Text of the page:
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This past week has been the most emotionally and physically exhausting time of our lives. We’ve sold our house and moved into the home of a very dear friend. We are thankful for his generosity, but are grieving, nonetheless. A part of us is gone. For the first time in our lives, we have no home to call our own.

People quickly find metaphors for times like this. They say that selling our home to correct our financial situation is like an amputation – painful, but necessary to our survival. Someone has said that we exchanged an “ace, two, four, six and seven” for a “two queens, two jacks, and a ten.” Play the hand correctly and maybe we’ll last the entire game.

We’ve imagined the sinking ship, the jump to a lifeboat. Even more so, I found myself comparing our situation to the evacuation of civilians in a war-torn country. Like them, we ran out of time to think. We threw out what we could not carry: items too bulky to transport, some of sentimental value, some, to our frugal minds, still salvageable. We balanced the replaceable value of an item against the cost of storing it; the sentimental value of one keepsake versus another, knowing one would be thrown out. There were sad goodbyes and outbursts of grief that surprised even us. In between, we held on to the sensible logic of the move. “This house is too large for us now. The new owners will be so happy here.” All of it true.

There can never be enough hours to move what amounts to a lifetime of possessions and memories. We filled a twenty cubic foot garbage bin in our driveway, two sixteen foot storage units, and still had to drive five carloads of goods to our friend’s home, forty-five minutes away. We arrived at three a.m.. While others were asleep, we tiptoed inside (limped might be more accurate), dug for nightclothes in hastily packed suitcases, and tried to sleep. My husband’s exhaustion won over and he was snoring within minutes. I lay awake, unable to stop the thoughts looping through my head: the way things used to be and how it came to this, and even more, would we get through it? I closed my eyes and replayed our visit to the lawyer earlier in the week: the look of compassion on his face when he heard about our situation; his quick glances at my husband between each clause of the contract, as he probably imagined himself in our shoes. I heard the words that seemed so out of place as we signed our house away. He said “Life is a journey.” I remembered the way he shook my hand and held it just a little longer than necessary. “Good luck,” he said. I avoided his eyes, because if I looked into them and saw sadness or pity, I would have crumbled.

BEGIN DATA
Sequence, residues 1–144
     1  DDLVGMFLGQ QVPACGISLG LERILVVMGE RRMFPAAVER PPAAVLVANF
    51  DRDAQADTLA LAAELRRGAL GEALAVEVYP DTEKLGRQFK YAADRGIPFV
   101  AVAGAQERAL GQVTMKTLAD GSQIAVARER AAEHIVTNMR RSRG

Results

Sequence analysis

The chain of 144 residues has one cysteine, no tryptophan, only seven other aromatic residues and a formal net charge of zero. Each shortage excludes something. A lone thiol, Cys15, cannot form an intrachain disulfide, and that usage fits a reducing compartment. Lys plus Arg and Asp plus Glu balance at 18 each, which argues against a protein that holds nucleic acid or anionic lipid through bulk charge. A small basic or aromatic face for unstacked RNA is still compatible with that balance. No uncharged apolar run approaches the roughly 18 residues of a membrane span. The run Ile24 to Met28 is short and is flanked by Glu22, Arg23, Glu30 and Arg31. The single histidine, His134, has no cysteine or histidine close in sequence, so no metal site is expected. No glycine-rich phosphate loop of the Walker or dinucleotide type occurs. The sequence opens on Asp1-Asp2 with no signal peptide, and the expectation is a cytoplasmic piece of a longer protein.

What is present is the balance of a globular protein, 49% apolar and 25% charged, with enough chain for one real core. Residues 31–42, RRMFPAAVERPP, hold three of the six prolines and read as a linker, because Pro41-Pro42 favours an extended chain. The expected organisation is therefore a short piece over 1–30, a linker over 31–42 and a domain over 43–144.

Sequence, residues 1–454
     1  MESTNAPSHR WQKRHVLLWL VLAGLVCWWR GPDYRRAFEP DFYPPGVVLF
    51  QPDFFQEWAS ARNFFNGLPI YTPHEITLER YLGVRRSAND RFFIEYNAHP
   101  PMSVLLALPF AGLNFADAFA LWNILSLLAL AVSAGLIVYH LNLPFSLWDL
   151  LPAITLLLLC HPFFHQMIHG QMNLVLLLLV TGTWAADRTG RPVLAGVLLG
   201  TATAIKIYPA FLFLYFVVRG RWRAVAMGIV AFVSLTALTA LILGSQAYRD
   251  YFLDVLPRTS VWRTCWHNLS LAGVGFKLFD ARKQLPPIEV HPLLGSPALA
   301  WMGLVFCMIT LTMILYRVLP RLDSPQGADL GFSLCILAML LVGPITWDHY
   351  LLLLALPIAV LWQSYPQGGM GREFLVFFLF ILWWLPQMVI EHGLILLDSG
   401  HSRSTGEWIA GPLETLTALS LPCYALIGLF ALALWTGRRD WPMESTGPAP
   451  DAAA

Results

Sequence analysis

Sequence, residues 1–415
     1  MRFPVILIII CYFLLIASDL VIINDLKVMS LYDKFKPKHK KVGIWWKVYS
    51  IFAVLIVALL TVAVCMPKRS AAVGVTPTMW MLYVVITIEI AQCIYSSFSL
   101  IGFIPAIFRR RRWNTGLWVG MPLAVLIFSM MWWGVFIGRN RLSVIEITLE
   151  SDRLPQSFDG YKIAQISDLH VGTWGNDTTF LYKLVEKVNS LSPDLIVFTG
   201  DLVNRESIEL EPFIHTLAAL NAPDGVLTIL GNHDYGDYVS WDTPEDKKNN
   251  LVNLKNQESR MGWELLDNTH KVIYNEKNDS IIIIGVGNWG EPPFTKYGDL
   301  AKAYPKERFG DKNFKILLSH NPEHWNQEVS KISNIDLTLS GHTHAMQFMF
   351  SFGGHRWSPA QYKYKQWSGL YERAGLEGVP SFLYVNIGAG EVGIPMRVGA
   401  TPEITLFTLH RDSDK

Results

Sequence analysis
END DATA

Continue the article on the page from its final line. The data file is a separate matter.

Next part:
So here I am, four days after our move, lucky enough to be welcomed into our friend’s big, comfortable home, but still “bleeding on the page,” as someone once said, and likely embarrassing myself. But it is honest and it is real and it is all I know how to be. Faking cheeriness right now isn’t possible.

Those of you who’ve been reading this blog since its start might say that this is our roadblock, the biggest one we have ever faced, and that the detour ahead leads to a much better place.

I hope you are right. We are more than ready for a fresh start.

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